Use Claremont Avenue northeast to reach Berkeley; a left turn at College Avenue leads to the University of California at Berkeley. Photo taken 07/05/04.
Eastbound California 24 at Exit 3, Claremont Avenue. The next exit is Exit 4, Broadway, one mile. California 24 is still within the city of Oakland, and it will not leave until reaching the midpoint of the Caldecott Tunnel under Grizzly Peak (which is also the county line between Alameda County and Contra Costa County). Photo taken 04/06/09.
The next exits along eastbound are Exit 4, Broadway to Junction California 13/Ashby Avenue north and Exit 5, Junction California 13/Warren Freeway south. The first California 13 exit is for northbound, followed by the exit for southbound. Northbound California 13 is Ashby Avenue, which runs east-west through Berkeley; southbound California 13/Warren Freeway is a four-lane freeway that connects California 24 with Interstate 580/MacArthur Freeway. Photo taken 04/06/09.
An exit number sign for Exit 4 is posted shortly thereafter. Photo taken 07/02/13.
The Caldecott Tunnel will punch through the Oakland Hills (Grizzly Peak) and connect with Contra Costa County. Hazardous materials are not permitted in the tunnel except during designated hours. Photo taken 07/02/13.
Broadway heads southwest from the Exit 4 interchange back toward downtown Oakland. Note another BART train in the median of the freeway on its elevated tracks. Photo taken 04/06/09.
Eastbound California 24 reaches Exit 4, Broadway, which provides a connection to Northbound California 13/Ashby Avenue (note that this connection is not signed). Broadway has in interesting path through Oakland. Originating at Jack London Square near the Interstate 880/980 interchange, Broadway starts northeast on a fairly straight course until it hits California 24. From this exit east to the Caldecott Tunnels, Broadway closely follows California 24, and it ends when it backtracks into Caldecott Lane and Tunnel Road. However, to complicate matters, just before Broadway intersects California 24, it spawns Broadway Terrace, a separate road that leads into the Oakland Hills. Photo taken 07/02/13.
This view looks at the offramp at Exit 4 and signage associated with California 13 north/south. Photo taken 07/02/13.
The next exit along eastbound California 24 is Exit 5, Junction California 13/Warren Freeway south, three-quarters of a mile. This is a direct transition ramp from California 24 east to California 13 south, unlike the connection to northbound California 13. Photo taken 07/02/13.
A California 24 east reassurance route marker is posted soon thereafter. Photo taken 07/02/13.
Eastbound California 24 approaches Exit 5, Junction Southbound California 13/Warren Freeway, next right. Note the control cities of Walnut Creek and Concord for California 24. Photo taken 04/06/09.
Eastbound California 24 reaches Exit 5, Junction Southbound California 13/Warren Freeway. As noted earlier, California 13 leads south to join Interstate 580 near Mills College. A four-lane freeway, it has a scenic median. Photos taken 04/06/09 and 07/05/04.
After the interchange with California 13, California 24 continues to climb up toward the Caldecott Tunnel. At the time this photo was taken (evening), both tubes of the tunnel were open to eastbound traffic. Photo taken 04/06/09 and 07/05/04.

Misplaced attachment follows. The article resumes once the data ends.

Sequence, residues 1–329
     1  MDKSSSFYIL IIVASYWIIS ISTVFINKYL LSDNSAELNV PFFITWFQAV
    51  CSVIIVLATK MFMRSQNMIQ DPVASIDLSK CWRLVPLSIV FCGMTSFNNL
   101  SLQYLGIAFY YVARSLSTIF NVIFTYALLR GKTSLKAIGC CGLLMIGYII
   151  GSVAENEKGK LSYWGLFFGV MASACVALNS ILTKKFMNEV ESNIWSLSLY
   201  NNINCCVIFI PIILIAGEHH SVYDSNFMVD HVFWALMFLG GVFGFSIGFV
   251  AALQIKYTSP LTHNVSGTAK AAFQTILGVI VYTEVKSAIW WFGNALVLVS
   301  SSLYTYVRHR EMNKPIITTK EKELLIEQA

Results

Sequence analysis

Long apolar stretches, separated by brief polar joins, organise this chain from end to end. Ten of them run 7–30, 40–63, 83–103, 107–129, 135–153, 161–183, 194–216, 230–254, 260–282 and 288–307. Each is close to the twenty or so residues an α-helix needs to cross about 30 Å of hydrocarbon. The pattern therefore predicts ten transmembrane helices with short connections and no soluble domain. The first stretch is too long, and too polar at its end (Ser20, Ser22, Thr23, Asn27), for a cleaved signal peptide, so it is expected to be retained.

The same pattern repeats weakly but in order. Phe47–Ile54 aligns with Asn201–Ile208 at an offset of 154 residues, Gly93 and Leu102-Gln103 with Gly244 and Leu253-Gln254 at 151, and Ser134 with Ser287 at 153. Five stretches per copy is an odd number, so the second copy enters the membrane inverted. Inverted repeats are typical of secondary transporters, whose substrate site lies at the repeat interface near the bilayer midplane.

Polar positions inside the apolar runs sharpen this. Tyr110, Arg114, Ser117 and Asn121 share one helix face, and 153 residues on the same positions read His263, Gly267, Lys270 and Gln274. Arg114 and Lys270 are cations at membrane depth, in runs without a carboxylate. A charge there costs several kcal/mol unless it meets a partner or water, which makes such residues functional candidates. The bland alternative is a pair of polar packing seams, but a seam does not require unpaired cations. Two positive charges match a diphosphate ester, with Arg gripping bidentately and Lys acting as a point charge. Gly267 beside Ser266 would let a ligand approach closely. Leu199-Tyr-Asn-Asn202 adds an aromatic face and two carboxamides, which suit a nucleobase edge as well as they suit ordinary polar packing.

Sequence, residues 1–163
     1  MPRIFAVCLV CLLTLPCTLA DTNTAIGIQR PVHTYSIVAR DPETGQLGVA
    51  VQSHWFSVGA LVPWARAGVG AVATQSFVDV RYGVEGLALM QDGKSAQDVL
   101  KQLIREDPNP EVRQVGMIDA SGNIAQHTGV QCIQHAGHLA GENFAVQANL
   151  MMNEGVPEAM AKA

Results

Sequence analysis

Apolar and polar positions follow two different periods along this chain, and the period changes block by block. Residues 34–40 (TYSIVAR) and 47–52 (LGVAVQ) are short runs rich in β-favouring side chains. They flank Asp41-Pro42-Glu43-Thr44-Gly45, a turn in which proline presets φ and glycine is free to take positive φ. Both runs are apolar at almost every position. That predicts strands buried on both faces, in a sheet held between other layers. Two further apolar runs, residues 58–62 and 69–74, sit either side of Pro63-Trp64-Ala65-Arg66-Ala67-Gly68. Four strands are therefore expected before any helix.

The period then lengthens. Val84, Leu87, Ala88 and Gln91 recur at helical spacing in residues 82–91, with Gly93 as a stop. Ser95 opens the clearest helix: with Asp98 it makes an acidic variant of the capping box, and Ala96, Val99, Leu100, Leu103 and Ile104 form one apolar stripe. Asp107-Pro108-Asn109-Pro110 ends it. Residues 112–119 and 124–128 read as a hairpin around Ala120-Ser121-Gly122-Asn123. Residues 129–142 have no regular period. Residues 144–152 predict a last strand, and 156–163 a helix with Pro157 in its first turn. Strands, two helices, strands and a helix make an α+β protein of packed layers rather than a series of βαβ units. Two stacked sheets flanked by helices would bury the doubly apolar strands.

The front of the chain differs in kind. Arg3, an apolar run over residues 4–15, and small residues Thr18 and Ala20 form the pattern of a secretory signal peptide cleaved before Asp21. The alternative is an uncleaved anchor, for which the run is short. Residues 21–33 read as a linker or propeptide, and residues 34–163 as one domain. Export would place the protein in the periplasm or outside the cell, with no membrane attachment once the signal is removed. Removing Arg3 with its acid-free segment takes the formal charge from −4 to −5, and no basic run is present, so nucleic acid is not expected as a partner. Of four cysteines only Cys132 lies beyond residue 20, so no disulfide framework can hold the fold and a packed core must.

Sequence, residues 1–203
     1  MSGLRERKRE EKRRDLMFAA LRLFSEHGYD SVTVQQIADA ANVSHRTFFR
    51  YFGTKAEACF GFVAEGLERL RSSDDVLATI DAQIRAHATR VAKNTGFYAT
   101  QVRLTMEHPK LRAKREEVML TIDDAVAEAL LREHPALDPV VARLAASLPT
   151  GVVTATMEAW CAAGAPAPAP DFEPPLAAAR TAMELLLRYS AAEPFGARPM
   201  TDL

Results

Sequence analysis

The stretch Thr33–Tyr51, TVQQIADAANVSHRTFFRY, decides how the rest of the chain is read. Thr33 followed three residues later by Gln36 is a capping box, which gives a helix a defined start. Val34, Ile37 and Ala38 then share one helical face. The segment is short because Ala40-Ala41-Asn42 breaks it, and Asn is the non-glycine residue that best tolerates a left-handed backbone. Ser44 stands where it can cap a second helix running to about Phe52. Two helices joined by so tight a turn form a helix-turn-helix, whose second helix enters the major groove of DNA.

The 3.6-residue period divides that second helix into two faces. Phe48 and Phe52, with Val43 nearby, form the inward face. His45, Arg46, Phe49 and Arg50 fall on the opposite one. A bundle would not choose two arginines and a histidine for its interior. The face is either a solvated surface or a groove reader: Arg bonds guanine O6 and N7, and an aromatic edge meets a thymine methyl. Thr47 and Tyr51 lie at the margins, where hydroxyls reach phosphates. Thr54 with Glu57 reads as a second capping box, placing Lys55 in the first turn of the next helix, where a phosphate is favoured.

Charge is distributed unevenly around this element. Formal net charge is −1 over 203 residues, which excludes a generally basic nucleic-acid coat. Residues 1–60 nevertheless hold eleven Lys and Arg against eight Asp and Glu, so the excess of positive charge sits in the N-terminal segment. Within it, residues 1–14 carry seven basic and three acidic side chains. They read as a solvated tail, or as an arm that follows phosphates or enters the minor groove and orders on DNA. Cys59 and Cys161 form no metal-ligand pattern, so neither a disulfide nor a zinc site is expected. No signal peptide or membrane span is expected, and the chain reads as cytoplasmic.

Tunnel warning signage along eastbound California 24 indicates whether one or two bores of the tunnel are open to eastbound traffic and also advises certain vehicles to exit. This is the only sign along eastbound that specifies the Caldecott Tunnel by name, and it is not nearly as elaborate as many hazardous materials and warning signs placed at the approaches to similar tunnels throughout the East Coast. Photo taken 04/06/09 and 07/05/04.
A final tunnel warning sign is posted; at this point, when the middle bore is closed, traffic would be forced to merge right into the south bore. That was not the case when this picture was taken; both middle and south bores were traveling eastbound. Photo taken 04/06/09.
The next exit along California 24/Rumford Freeway east is Exit 6, Old Tunnel Road. Photo taken 04/06/09.
Eastbound California 24/Rumford Freeway reaches Exit 6, Old Tunnel Road. The next exit, Exit 7A/Fish Ranch Road, is located after the freeway passes through the tunnel, so Old Tunnel Road is the last exit in Alameda County. Photos taken 07/02/13 and 04/06/09.
The offramp to Old Tunnel Road is sharp and abrupt; be careful if exiting here. Photo taken 04/06/09.
And finally along eastbound California 24, the freeway approaches the entrance to the Caldecott Tunnel, which links Alameda County (Oakland) with Contra Costa County (Walnut Creek/Concord). On this day, both the middle and right bores were open to eastbound traffic. There are currently three bores that are two lanes wide; plans call for construction of a fourth bore that would allow for consistent traffic flow into two bores in each direction at all times. This expansion of the tunnel would allow for continuous eight lanes of California 24 for its entire length; the last picture in this series shows the under-construction fourth bore as of July 2013. Photos taken 04/06/09 and 07/02/13.
Eastbound California 24 enters the middle bore of the Caldecott Tunnel. The photos were taken from the perspective of the middle bore of the tunnel. The middle bore can be shifted to accommodate rush hour and heavy traffic volumes; generally, the middle bore runs westbound in the morning and eastbound in the evening. To reach Fish Ranch Road (Exit 7A), use the right (south) bore. Photos taken 04/06/09 and 07/05/04.